Some countries are blessed with natural resources, others are cursed. It’s been said that all the blessed ones are alike, they put the resources to good use, improving the people’s welfare in a sustainable manner. And for the cursed? More often than not, they struggle with political violence, especially when ethnic or religious fragmentation and weak institutions are a concern. Not surprisingly, it was Venezuela’s former Development Minister and OPEC Founder Perez Alfonso who christened oil the “Devil’s excrement.” 

If natural resources could be the source of such evil, are there ways of “exorcising” them? Perhaps policymakers could try to prevent or resolve resource-related conflicts by sharing natural resource wealth with opposition groups or directly with the people. Would such a counter spell work?

How level is the playing field between countries in Latin America and the Caribbean?

Oscar Calvo-González's picture

In less than a generation the Latin America and the Caribbean (LAC) region has made great progress in expanding the basic public services that are necessary for children to succeed later in life. The skills, knowledge and health accumulated by individuals by the time they reach adulthood are essential to get jobs, accelerate economic mobility, and reduce inequality in the long-run. The progress observed in LAC ranges from increased access to healthcare and schools to running water and electricity. But progress has also been uneven, both across countries and for different types of basic services.

Today, the playing field in Latin America is most level in access to electricity, where we have seen gaps in coverage narrow the most. Figure 1 below shows how the typical performance in the region (the median) compares with the country in the region with the highest level of coverage (labeled “best in class”) in three basic services for children. The focus on children makes it possible to determine that any difference in access would be mostly due to circumstances out of their control. In the case of access to electricity the regional median has not only converged towards the best performing country but it has now reached a coverage of 99 percent.

Bill Gates did it, will.i.am did it, Mayor Bloomberg did it and even the POTUS did it. Shouldn't you? An hour of Code for *you* the Busy Development Professionals

Tanya Gupta's picture

Computer Science Education Week has already kicked off (December 5 - 11, 2016) and it is a pretty big deal. One hour of code for everyone (no experience needed) is a part of that. The focus is on getting children involved. But what about busy professionals? Can it be useful for them, too? We think the answer to that is yes. This blog will teach you to code in Google Apps Script (GAS for short) in sixty minutes or less. There are two main reasons we chose GAS.

One, GAS is an easy to use scripting language that can help you write programs to solve common coding problems. We chose GAS because it is very easy to get started and offers some great features for saving your files in the cloud and working with different kinds of files. You need to be able to use Google Drive to write basic scripts in GAS.

Secondly, as our regular readers may know, this is the seventh blog of the technology aided gut (TAG) checks series. So far in this series, we have focused on the tools and techniques of a just-in-time learning strategy, and how to use TAG checks to make conclusions about data. In this blog we wanted to focus on some basic programming that will help illustrate how powerful (and easy!) just a little code education can be. GAS is perfect for this purpose.

N.B. You can do some pretty nifty stuff in GAS and here is the result of more professional code we have written entirely in GAS. This is an Add-On for Google Docs to create word clouds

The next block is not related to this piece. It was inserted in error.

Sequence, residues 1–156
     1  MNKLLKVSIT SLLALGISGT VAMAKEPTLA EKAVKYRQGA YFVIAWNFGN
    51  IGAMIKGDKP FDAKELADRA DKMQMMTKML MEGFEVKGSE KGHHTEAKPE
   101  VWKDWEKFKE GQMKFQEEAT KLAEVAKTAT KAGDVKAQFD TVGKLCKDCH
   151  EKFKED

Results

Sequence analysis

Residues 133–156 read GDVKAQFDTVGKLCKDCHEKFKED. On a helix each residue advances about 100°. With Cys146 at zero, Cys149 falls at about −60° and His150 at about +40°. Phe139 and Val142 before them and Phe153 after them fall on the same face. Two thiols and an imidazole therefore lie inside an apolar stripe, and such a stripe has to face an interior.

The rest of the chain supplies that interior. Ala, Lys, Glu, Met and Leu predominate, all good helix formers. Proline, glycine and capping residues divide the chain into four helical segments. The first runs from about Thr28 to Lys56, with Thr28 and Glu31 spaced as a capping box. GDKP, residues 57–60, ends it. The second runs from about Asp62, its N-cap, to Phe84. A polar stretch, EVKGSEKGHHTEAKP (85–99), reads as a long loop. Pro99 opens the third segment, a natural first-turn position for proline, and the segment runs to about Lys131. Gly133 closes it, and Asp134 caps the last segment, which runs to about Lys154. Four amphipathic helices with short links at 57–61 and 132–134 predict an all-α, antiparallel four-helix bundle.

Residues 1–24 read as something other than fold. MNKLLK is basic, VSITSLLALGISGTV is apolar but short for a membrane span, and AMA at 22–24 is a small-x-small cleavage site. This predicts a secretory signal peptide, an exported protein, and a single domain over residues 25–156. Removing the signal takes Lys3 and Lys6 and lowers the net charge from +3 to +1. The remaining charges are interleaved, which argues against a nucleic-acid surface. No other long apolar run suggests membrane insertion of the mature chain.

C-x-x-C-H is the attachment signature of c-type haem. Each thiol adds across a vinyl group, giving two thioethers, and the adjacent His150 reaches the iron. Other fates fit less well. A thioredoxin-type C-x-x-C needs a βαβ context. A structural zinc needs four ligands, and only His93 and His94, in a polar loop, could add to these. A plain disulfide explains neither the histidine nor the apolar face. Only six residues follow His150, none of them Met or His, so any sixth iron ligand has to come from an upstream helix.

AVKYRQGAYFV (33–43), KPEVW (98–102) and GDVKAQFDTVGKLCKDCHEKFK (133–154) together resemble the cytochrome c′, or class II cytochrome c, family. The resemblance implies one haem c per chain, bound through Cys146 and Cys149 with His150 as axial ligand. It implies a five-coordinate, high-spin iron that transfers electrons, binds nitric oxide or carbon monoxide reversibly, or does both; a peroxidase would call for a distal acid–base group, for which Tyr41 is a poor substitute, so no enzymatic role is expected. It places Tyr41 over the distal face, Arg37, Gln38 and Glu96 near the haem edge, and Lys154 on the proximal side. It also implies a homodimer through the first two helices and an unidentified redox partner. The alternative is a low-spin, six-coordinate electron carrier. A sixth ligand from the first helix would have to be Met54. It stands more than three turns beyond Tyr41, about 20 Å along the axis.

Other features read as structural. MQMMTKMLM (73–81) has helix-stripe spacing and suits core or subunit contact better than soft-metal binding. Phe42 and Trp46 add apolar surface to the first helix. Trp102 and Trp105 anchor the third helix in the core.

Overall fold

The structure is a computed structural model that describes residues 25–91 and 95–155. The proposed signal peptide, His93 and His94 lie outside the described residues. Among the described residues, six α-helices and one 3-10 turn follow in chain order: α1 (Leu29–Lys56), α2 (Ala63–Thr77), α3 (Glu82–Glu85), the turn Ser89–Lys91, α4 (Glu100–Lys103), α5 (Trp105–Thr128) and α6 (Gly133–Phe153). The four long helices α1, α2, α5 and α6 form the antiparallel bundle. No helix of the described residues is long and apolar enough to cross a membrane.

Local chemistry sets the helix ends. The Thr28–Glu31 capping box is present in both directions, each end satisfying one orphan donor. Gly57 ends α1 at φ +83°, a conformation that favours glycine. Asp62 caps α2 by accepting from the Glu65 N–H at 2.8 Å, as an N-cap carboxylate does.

Now -- all you need is a gmail account to get started.

(͡• ͜ʖ ͡•) GET SET AND START YOUR CLOCK
MINUTE TO MINUTE
While logged into Gmail, go to https://drive.google.com/. If this is your first time, you will see something like this:


 

Agriculture holds the key to tackling water scarcity

Rimma Dankova's picture

Agriculture is both a victim and a cause of water scarcity. Water of appropriate quality and quantity is essential for the production of crops, livestock, and fisheries, as well as for the processing and preparation of these foods and products. Water is the lifeblood of ecosystems, including forests, lakes, and wetlands, on which the food and nutritional security of present and future generations depends. At the same time, agriculture is the largest water user globally, and a major source of water pollution. Unsustainable agricultural water use practices threatens the sustainability of livelihoods dependent on water and agriculture.

Additionally, climate change will have significant impacts on agriculture by increasing water demand, limiting crop productivity, and reducing water availability in areas where irrigation is most needed or has a comparative advantage. A growing number of regions will face increasing water scarcity. Climate change will bring greater variation in weather events, more frequent weather extremes, and new challenges requiring the sector to take mitigation and adaptation actions.

Traveling with ease, carrying disease? Using mobile phone data to reduce malaria: Guest post by Sveta Milusheva

This is the eighth in our series of job market posts this year
The Global Fund has disbursed nearly $28.4 billion in the last decade to reduce the disease burden from malaria, TB and HIV (Global Fund 2016). However, travelers can reverse the progress from campaigns that have decreased infectious disease prevalence (Cohen 2012 et al, Lu et al 2014), or can rapidly spread emerging diseases such as Ebola and Zika (Tam et al 2016, Bogoch et al 2016). While policymakers have largely targeted environmental drivers of malaria, this research provides evidence that human movement can play an important role in spreading disease in areas where incidence has been reduced.  Given that migration has numerous economic and social benefits, policymakers face important trade-offs in designing policies to reduce travel-linked malaria cases.  This paper provides a useful framework for identifying high-risk populations in order to reduce malaria incidence with minimal interference to movement patterns.